Naomi Ogbeta on the Edinburgh Festival, YouTube... and the triple jump
|SPAR British Athletics Indoor Championships|
|Venue: Arena Birmingham, Birmingham Date: 9-10 February|
|Coverage: Live on BBC Sport app on Connected TV and on the BBC Sport website. Catch up via BBC iPlayer.|
The triple jump was always going to suit Naomi Ogbeta. After all, why do only one thing when you can do three?
As a pre-schooler, she signed up to a ballet class. "But then they made it compulsory that you also had to do tap dancing as well, and I was terrible at tap dancing, so I quit that aged four," she explains.
She joined a song-and-dance club instead. That lasted two years before she switched to a weekend drama group. Then, leaving the boys behind in the playground, she discovered she was fast.
"My mum and I were just googling 'Manchester athletics clubs' - we found one and it said that the practice was on Saturdays," she says.
"That was a clash with drama, so I had the choice: try athletics or stick with drama. I quit drama."
Barely a teenager, and already a renaissance woman.
Now 20, she is still swapping hats with millennial speed. Over the past 12 months, she has appeared in various guises in an Olympic Stadium, an Edinburgh Festival backroom, on network television and thousands of social media feeds.
First, the day job
|All-time British female triple jumpers|
|* Aldama jumped 15.29m while representing Cuba|
Her personal best of 14.15m makes her the third best female British triple jumper ever, behind only Yamile Aldama and Ashia Hansen.
Her senior championships debut came at the European Championships in Berlin in August, where she qualified for the final.
"When I won the British Championships and got the qualifying standard for Berlin I suddenly realised: 'Oh, wait, I actually have to go and compete'.
"I remember looking at the team list and thinking, I am going to be on the plane with Dina [Asher-Smith] and Harry [Aikines-Aryeetey]. They were really friendly, but I was kind of star struck. Once I made it to the final I was like, 'I am one of you guys now'."
There had been parental, as well as peer, pressure to make the final. Her mother and father had, in a show of faith in their daughter's abilities, shelled out for tickets for the medal-deciding session.
The funny girl
They were not in the crowd in Edinburgh though when - the week after returning from Berlin - Ogbeta, currently studying for a politics degree, travelled to the city's world-famous Fringe Festival with the University of Manchester Comedy Society.
"I am scared that, because I do improv [improvisation], if someone suggests something a little bit rude... do I really want my dad to see this?" she says.
"I know the experience of doing improv helps with my nerves in competition though. When I have friends in the audience I find it really nerve-wracking and in Edinburgh it was little kids, families - really different from our usual student audience."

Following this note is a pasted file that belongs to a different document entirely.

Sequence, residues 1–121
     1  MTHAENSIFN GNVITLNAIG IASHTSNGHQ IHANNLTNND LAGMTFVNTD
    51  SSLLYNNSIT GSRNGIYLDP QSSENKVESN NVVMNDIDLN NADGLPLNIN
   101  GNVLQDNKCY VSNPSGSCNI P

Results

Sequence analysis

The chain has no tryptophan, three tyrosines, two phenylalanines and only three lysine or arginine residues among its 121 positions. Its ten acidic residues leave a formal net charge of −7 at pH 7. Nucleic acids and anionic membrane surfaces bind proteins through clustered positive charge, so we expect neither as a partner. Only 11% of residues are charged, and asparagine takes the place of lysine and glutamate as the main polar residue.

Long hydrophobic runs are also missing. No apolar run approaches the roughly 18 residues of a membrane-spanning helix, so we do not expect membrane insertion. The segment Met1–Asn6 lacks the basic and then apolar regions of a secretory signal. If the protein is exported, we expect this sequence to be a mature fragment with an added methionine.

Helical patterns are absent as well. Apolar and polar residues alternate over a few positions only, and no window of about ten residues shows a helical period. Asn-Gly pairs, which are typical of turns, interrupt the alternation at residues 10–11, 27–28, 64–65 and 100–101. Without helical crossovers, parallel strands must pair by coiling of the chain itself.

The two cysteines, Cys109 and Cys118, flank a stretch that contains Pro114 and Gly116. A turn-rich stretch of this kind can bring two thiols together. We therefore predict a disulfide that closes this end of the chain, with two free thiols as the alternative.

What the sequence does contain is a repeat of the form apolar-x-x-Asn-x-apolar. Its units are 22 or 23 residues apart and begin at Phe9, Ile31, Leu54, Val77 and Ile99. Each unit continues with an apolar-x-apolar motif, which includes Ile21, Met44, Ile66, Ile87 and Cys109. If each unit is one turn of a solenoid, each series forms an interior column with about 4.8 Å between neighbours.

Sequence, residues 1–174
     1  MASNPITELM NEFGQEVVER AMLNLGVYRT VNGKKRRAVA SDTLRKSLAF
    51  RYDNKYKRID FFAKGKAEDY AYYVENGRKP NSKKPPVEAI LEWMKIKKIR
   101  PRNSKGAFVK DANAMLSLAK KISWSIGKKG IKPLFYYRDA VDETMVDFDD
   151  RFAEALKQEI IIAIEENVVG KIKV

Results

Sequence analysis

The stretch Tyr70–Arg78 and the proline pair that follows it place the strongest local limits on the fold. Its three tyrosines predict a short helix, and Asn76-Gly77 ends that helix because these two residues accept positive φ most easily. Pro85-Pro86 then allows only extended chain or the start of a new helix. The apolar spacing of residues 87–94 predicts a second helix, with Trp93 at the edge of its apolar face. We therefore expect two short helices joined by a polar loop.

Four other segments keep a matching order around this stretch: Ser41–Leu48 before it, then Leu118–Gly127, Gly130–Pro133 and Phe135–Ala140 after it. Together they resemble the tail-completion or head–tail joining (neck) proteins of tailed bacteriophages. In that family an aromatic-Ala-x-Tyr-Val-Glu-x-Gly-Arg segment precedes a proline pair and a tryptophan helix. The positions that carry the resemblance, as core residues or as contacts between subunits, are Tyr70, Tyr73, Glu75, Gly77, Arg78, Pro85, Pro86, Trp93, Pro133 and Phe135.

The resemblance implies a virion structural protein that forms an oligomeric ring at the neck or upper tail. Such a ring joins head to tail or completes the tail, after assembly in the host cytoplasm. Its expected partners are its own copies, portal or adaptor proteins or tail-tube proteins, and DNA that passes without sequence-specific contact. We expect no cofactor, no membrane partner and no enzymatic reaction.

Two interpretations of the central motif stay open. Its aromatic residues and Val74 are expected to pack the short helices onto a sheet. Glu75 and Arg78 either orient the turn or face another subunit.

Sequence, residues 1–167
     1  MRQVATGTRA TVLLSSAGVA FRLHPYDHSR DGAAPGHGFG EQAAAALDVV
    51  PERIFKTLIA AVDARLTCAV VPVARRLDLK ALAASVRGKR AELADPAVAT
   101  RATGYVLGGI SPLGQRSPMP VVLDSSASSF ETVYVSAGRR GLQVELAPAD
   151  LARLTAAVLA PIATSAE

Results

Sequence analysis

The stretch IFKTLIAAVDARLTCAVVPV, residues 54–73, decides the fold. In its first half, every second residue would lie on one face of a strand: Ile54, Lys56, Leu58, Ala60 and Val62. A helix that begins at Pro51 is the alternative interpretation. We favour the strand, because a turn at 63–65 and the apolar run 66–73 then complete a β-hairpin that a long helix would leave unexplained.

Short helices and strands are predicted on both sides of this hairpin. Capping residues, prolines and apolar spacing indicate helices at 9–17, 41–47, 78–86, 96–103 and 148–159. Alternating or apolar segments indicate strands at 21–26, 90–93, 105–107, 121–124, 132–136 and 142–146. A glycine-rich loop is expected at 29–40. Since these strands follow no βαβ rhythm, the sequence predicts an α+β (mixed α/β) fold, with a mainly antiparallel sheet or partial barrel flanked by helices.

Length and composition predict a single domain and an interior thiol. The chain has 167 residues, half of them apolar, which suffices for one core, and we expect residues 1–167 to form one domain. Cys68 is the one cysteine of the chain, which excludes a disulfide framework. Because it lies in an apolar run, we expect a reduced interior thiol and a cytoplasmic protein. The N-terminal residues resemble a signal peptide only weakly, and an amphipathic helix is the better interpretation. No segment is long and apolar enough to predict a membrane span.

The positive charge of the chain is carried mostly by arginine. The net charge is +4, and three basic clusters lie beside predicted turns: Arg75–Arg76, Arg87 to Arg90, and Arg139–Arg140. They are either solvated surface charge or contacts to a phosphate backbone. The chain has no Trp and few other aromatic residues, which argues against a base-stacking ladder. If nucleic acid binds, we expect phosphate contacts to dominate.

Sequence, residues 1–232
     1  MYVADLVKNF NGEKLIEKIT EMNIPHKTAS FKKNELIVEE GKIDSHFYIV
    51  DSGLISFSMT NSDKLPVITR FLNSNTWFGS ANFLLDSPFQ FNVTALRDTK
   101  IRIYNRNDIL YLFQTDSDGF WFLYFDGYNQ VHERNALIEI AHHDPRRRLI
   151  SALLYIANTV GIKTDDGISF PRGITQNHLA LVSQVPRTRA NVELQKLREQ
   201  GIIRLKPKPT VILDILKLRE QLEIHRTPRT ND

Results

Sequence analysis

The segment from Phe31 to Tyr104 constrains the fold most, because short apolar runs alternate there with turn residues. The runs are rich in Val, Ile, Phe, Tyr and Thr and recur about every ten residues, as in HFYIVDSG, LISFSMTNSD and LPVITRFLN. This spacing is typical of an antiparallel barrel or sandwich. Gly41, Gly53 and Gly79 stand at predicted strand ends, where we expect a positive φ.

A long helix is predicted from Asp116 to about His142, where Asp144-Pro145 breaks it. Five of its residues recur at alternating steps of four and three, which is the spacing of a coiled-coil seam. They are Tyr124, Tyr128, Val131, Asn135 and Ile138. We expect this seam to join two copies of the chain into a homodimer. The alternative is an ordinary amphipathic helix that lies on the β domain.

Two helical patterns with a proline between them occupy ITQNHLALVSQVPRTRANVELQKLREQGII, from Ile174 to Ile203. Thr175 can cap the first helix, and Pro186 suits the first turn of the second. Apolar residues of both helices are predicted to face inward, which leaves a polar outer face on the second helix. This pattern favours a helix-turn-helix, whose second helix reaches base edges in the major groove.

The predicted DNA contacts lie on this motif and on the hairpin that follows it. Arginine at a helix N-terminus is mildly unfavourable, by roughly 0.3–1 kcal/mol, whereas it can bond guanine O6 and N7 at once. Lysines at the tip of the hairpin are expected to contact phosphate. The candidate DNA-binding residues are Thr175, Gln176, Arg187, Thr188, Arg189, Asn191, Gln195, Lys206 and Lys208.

The media influencer
A month later, she was part of a panel of young people on BBC Two discussing Brexit and its implications - "I was so scared, it was probably the most critical of myself I have been, but it did go well" - while all the time she has been busy on social media.
Whether it is a YouTube feature where she coaxes a nine-metre triple jump out of an amateur, free-wheeling Instagram vlogs everywhere from the IAAF awards in Monaco to her own backyard birthday celebrations, or her between-jumps snaps from behind the scenes, she is a one-woman online content mill.
As ever with the internet, the post that has proved most popular involved things going disastrously off-script, as she skidded on to her backside while attempting a snowy rural triple jump.
"I feel I can express myself how I want. Social media has been a pretty positive experience and I do enjoy it," she said.
"I want to start a YouTube channel advising young athletes on making the progression to senior ranks.
"That is the thing for me, being real. I don't want to pretend to be the perfect athlete who eats perfectly every day. I am a normal person who happens to be good at and loves what they do."
One young athlete who has already benefited from her influence is Ogbeta's younger brother Nathanael.
The 17-year-old is an England youth footballer who is at Manchester City's academy.
Last summer, before her European Championships debut, he played in the European Under-17 Championship, going out in the semi-finals to the Netherlands on penalties.
"I asked him if he had been nervous because he could potentially have had to take one [a penalty]," she remembers.
"He said he has watched me so many times on the runway on my own and I've still been able to execute a jump. 'If you can do that then I can take a penalty' he said. It was really nice to hear that."
Ogbeta's start to this season will only have fostered more sibling admiration.
In Bratislava at the end of January, she warmed up for this weekend's British Indoor Championships with a leap of 13.68 - the fourth-best indoor effort by a British woman.
Online, on stage or on track, her audience is set to grow. Fast.